Juan In A Million Helps Promote Family Education with Donation to Todos Juntos Learning Center
AUSTIN, TEXAS (August 17, 2016)
Juan In A Million Mexican food restaurant, together with BH4Kids, presented Todos Juntos Learning Center with a check of $10,000. The generous donation was a result of proceeds raised from the Hole In Juan Charity Golf Tournament. Each year Juan In A Million puts together the charity golf tournament to give back to the Austin community.
“We are so fortunate to count on support from local businesses like Juan In A Million,” says Todos Juntos Learning Center’s Executive Director, Christina Collazo. “When local businesses give back to local organizations, they are making an investment in the future of our community. Their donation helps Todos Juntos Learning Center fulfill its mission of building up parents and children together through education and we are truly grateful for their support.”
Juan In A Million owner, Juan Meza, chose Todos Juntos Learning Center as the organization to receive the donation when he learned about the impact the Center has on whole families and multiple generations. The local nonprofit provides educational opportunities to more than a hundred low-income individuals every year via English learning services, early childhood education programs, and family support services. Juan In A Million’s contribution will help reduce future education spending by allowing students to leave Todos Juntos Learning Center developmentally on target, more confident, and therefore more prepared to integrate into the school system or workforce of Central Texas.
For more information or to support Todos Juntos Learning Center, please visit: www.todosjuntoslc.org
About Todos Juntos Learning Center:
Todos Juntos Learning Center provides non-English speaking families with a nurturing community that delivers English language, parenting and life skills through a two-generation approach. The Center develops adults who are better able to navigate and successfully participate in the central Texas communities where they live and work. The children, one to four year olds, are provided with a foundation that helps ensure their success once they enter school. The families’ form sustaining, long lasting relationships with others through contacts made at the Center. www.todosjuntoslc.org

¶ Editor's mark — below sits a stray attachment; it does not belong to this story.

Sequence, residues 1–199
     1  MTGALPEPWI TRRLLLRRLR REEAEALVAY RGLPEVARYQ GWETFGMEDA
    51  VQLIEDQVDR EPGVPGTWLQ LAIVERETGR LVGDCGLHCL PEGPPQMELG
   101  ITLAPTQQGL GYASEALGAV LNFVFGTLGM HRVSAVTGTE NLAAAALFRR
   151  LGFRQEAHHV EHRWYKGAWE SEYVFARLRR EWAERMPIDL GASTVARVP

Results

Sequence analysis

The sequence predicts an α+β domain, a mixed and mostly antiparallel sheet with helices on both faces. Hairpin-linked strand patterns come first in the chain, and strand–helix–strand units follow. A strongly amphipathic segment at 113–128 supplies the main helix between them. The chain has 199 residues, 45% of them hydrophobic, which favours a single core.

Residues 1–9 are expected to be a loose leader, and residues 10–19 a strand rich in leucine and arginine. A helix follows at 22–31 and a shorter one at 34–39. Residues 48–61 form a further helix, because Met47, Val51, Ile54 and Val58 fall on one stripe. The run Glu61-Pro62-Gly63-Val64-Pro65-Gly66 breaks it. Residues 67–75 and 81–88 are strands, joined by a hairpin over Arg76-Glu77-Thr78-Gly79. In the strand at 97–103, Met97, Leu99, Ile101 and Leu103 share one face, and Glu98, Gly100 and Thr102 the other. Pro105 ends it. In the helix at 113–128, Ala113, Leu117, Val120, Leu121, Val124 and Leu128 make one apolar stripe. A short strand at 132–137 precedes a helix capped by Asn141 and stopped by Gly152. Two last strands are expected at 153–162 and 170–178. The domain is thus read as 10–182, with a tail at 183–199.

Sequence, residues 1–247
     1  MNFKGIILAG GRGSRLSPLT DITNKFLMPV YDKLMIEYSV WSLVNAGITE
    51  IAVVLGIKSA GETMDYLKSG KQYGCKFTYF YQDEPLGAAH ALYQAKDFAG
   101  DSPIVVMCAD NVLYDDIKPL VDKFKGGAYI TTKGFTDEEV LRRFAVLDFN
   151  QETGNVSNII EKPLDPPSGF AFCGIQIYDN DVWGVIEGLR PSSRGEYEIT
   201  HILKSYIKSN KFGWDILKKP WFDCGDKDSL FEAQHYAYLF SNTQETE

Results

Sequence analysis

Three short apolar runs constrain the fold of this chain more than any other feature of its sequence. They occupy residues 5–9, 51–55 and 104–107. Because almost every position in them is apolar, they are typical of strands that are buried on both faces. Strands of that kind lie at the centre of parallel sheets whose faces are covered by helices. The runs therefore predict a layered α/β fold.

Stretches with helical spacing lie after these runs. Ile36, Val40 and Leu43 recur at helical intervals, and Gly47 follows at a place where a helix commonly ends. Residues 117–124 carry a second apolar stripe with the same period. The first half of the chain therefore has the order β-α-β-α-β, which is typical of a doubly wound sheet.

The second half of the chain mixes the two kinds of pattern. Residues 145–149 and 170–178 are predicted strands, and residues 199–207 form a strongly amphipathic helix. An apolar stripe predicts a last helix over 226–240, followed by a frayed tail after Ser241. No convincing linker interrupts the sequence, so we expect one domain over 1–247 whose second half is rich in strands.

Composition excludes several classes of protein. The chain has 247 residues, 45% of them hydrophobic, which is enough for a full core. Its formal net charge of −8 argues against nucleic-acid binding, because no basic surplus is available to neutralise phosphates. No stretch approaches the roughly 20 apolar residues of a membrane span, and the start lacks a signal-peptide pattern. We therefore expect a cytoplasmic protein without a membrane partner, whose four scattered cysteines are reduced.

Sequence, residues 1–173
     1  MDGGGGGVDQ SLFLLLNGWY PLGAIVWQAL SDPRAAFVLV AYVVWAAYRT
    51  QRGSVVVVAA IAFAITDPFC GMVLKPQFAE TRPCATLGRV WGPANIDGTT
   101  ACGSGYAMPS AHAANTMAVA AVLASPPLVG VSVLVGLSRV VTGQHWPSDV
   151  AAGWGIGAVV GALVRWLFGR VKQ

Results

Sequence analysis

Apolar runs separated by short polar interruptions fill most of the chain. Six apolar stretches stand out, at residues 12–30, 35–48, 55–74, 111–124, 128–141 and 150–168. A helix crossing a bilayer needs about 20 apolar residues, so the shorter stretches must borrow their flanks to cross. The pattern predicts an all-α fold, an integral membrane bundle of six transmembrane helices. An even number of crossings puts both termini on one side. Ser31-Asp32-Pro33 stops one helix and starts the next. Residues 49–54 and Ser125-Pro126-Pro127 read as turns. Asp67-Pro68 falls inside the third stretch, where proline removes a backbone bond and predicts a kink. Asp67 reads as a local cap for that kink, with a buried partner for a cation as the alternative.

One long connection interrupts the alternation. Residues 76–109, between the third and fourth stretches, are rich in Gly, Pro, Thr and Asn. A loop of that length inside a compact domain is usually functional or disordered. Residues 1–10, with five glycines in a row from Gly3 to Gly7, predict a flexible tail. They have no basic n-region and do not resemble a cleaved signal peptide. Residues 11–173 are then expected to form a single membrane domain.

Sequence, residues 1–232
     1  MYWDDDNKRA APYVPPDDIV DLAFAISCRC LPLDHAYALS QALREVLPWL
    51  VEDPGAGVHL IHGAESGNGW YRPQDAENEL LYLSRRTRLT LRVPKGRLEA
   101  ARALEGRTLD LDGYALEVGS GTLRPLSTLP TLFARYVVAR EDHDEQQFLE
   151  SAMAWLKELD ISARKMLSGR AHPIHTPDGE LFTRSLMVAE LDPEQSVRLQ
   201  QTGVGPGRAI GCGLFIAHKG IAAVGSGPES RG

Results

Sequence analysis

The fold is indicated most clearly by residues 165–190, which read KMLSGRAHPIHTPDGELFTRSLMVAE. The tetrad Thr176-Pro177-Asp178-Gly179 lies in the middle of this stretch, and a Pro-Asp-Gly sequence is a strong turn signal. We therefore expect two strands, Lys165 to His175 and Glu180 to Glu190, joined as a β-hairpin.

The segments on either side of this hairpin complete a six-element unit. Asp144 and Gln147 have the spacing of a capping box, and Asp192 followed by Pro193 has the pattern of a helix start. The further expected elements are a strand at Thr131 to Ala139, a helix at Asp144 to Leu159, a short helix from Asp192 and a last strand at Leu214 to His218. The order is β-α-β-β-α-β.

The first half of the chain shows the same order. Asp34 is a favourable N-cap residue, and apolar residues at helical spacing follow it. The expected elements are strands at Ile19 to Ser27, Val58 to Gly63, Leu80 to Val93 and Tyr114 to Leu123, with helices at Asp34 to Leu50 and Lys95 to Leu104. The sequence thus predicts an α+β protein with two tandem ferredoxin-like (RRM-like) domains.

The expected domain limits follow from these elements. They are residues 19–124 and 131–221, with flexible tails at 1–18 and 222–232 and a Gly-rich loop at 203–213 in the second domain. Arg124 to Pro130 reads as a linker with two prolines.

Claudia Ramirez, Development Director
Todos Juntos Learning Center
PBS Kids Raising Readers Library Corner at Si Se Puede Learning Center
Sí Se Puede Learning Center, an organization dedicated to providing a nurturing environment in which young kids and their parents gain the knowledge and skills to succeed, is partnering with KLRU-TV, Austin PBS, to launch the center’s first PBS Kids Raising Readers Library Corner. Located in a corner of the on-site computer lab, the cozy library is stock full of engaging children’s reading and activity books, as well as computer games to foster literacy and learning.
All materials have been donated by KLRU-TV, whose dedication to fostering a love for reading among children comes to life in the materials it publishes and television shows it produces. Christina Collazo, Executive Director at Sí Se Puede, views this commitment as being closely aligned with her organization’s efforts to promote reading and English-language learning in school and at home. “Given that most of our young students don’t speak English at home, we have the opportunity to give children a head-start in the language before they enter kindergarten,” says Collazo. “A library with engaging books in both English and Spanish is a great way to get our kids excited about bilingual reading and learning.”
Benjamin Kramer, Director of Education for KLRU-TV, echoes Ms. Collazo’s enthusiasm. “When centers like Sí Se Puede and initiatives like the Library Corners come together, we create opportunities for young children to develop from their first days as bilingual speakers, readers, and writers, and as sophisticated readers and viewers of television and other media.” Kramer added, “Multilingual literacy and smart viewing practices are great attributes to have, but of course, they need to be nurtured. Here is a shining example of just that.”